(Turritopsis dohrnii) When the world started to sense that dinosaurs were on the decline, did the young millennial or Gen-Z creatures begin to look at them as if they weren't even there anymore, or have any possibility of a sex life; did they hoot or make jokes when one of the soon-to-be-extinct dropped lingo that seemed impossibly hip for someone in their age group; did they recommend early retirement or last priority in a vaccine queue because, you know, the inevitable was coming anyway? These kinds of dismissal are so irritating. It's as if the world forgot that evolution isn't only a process of elimination: it's also one of diversification. There are even organisms that rarely die simply because they get old. Take the immortal jellyfish, for instance: faced with danger or threat, its clear, pulsing tent dandelion-ringed with 90 stingers might hitch a ride on the bottom of a cargo ship; or better yet, press the reset button to change itself back into a polyp.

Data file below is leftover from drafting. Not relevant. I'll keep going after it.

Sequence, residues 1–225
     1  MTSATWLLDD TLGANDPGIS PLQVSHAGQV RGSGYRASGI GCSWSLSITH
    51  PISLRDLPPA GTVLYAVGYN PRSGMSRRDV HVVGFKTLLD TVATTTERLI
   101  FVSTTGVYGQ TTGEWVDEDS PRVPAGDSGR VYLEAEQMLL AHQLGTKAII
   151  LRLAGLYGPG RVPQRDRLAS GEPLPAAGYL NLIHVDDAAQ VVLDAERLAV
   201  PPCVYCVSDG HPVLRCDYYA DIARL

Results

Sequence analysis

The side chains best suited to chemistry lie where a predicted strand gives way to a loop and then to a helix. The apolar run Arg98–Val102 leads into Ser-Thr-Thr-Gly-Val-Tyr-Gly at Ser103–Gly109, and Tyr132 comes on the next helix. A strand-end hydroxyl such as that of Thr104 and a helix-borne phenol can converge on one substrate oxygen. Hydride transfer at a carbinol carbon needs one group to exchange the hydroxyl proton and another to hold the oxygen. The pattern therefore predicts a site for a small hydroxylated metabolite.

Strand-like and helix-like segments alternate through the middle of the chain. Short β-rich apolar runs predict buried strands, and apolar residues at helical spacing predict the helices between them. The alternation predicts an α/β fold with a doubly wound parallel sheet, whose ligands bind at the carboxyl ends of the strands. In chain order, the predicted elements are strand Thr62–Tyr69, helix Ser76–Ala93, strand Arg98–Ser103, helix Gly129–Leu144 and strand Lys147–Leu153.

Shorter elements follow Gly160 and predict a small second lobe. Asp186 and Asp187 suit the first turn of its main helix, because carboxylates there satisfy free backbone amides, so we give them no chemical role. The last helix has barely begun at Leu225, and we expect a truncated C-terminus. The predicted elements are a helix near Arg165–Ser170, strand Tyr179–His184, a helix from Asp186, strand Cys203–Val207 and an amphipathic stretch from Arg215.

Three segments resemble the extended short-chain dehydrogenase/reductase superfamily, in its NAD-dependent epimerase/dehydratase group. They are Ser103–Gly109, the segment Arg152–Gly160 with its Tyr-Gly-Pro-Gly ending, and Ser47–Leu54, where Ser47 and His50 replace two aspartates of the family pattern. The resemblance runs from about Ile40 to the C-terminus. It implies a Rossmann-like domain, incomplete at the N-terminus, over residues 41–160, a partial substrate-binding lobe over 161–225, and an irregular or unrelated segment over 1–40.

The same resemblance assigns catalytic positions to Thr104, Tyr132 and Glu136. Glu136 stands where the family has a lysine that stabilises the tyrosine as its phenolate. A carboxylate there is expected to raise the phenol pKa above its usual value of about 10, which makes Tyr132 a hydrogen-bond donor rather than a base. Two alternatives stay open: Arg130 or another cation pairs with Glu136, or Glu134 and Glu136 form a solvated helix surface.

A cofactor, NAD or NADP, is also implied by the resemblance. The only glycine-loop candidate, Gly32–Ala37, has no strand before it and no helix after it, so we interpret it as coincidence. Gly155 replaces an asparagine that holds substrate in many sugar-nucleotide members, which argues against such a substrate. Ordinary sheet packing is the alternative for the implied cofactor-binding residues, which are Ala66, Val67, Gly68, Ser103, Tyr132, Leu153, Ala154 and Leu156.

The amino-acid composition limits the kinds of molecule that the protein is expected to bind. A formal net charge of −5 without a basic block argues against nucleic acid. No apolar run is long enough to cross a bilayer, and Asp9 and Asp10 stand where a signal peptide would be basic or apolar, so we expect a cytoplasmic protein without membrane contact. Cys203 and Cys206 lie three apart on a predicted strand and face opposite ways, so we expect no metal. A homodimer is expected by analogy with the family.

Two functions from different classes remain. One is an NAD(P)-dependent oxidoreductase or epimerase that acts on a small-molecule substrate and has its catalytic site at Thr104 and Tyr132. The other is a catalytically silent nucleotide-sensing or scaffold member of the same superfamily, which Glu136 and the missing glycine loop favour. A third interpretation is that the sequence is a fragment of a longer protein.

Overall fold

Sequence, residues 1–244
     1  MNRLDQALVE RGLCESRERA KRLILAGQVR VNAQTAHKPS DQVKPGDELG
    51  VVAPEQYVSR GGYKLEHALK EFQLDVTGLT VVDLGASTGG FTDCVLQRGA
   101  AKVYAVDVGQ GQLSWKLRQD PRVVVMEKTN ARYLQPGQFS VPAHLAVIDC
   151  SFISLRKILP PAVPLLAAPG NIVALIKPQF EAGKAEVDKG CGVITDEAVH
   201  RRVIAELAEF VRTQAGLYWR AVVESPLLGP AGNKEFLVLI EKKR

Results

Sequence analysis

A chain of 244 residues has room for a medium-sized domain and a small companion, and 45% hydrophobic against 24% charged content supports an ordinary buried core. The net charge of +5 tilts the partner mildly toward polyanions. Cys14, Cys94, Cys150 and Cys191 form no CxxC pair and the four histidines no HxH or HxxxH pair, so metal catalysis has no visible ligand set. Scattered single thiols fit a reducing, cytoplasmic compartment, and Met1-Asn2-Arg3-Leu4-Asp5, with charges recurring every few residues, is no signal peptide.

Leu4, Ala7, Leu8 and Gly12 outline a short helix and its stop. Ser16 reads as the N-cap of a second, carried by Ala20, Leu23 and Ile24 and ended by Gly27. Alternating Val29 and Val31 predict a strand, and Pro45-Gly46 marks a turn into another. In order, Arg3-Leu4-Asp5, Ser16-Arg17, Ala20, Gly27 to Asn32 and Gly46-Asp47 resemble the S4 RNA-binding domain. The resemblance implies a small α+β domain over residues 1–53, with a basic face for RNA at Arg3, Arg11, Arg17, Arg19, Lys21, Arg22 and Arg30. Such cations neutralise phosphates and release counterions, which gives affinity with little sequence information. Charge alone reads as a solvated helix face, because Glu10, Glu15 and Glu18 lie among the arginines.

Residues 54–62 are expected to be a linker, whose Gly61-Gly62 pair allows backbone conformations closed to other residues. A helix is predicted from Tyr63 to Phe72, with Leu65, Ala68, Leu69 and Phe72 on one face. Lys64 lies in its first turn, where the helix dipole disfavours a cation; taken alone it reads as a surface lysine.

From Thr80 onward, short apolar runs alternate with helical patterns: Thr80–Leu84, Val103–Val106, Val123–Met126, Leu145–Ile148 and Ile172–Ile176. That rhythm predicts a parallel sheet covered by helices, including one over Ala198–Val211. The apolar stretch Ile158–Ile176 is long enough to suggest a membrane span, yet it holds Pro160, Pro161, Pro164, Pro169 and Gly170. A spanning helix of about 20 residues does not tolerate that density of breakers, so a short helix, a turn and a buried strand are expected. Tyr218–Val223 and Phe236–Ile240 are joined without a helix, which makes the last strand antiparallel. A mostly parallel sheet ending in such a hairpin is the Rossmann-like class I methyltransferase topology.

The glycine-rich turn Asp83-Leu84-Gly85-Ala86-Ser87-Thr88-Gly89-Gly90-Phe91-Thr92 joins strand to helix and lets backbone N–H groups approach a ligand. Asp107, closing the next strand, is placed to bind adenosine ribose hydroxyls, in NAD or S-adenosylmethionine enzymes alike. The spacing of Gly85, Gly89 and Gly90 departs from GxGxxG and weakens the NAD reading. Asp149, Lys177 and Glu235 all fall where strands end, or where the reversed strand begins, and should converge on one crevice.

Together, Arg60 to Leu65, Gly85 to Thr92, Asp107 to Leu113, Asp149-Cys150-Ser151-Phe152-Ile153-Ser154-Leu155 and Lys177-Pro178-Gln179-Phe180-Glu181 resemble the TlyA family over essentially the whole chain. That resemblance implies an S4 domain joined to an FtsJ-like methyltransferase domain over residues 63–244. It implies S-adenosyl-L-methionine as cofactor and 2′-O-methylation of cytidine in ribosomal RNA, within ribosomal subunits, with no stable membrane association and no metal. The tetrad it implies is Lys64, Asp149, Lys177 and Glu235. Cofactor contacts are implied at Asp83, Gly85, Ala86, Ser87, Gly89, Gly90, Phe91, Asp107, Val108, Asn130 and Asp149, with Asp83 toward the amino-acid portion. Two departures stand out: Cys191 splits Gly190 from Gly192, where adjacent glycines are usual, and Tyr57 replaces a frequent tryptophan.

Poet Luisa A. Igloria (Poetry Foundation web page, author webpage ) was recently appointed Poet Laureate of the Commonwealth of Virginia (2020-2022). She is Co-Winner of the 2019 Crab Orchard Open Competition in Poetry for Maps for Migrants and Ghosts (Southern Illinois University Press, September 2020). She is the winner of the 2015 Resurgence Prize (UK), the world’s first major award for ecopoetry, selected by former UK poet laureate Sir Andrew Motion, Alice Oswald, and Jo Shapcott. She is the author of What is Left of Wings, I Ask (2018 Center for the Book Arts Letterpress Chapbook Prize, selected by former US Poet Laureate Natasha Trethewey); Bright as Mirrors Left in the Grass (Kudzu House Press eChapbook selection for Spring 2015), Ode to the Heart Smaller than a Pencil Eraser (Utah State University Press, 2014 May Swenson Prize), Night Willow (Phoenicia Publishing, 2014), The Saints of Streets (University of Santo Tomas Publishing House, 2013), Juan Luna’s Revolver (2009 Ernest Sandeen Prize, University of Notre Dame Press), and nine other books. She is a member of the core faculty of the MFA Creative Writing Program at Old Dominion University which she directed from 2009-2015; she also teaches classes at The Muse Writers’ Center in Norfolk. In 2018, she was the inaugural Glasgow Distinguished Writer in Residence at Washington and Lee University. When she isn’t writing, reading, or teaching, she cooks with her family, knits, hand-binds books, and listens to tango music.